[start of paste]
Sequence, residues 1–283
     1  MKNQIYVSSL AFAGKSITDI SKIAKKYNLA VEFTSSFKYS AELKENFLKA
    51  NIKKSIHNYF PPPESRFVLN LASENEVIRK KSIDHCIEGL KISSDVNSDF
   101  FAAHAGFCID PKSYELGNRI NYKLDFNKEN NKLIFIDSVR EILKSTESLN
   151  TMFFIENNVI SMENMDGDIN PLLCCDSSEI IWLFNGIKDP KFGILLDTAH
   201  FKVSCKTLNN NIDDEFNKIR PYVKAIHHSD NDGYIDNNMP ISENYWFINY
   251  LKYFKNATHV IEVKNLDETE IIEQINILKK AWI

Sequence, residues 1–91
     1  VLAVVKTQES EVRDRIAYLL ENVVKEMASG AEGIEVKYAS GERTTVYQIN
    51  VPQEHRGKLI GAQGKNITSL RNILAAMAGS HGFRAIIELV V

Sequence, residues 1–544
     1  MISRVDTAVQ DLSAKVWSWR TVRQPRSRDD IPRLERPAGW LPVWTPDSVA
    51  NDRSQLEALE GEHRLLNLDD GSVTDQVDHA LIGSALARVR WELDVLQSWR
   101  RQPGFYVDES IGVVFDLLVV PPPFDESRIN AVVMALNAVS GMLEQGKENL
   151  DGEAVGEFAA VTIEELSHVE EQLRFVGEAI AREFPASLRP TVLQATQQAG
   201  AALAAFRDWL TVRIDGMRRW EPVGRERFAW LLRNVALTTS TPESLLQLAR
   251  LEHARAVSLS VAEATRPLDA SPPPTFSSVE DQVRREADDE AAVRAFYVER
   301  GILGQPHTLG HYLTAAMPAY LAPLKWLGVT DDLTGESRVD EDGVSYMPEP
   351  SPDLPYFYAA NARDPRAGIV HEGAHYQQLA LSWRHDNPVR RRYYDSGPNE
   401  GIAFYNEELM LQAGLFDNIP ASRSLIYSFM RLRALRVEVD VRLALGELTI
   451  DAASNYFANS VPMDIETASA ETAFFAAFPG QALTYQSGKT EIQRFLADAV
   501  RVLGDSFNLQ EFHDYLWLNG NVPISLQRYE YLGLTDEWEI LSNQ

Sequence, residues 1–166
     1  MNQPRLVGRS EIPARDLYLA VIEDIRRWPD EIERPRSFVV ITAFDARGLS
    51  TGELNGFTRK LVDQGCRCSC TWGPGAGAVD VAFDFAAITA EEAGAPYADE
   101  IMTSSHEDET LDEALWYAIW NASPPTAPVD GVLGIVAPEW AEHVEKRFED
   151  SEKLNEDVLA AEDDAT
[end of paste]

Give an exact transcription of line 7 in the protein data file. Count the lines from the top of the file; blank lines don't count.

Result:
   251  LKYFKNATHV IEVKNLDETE IIEQINILKK AWI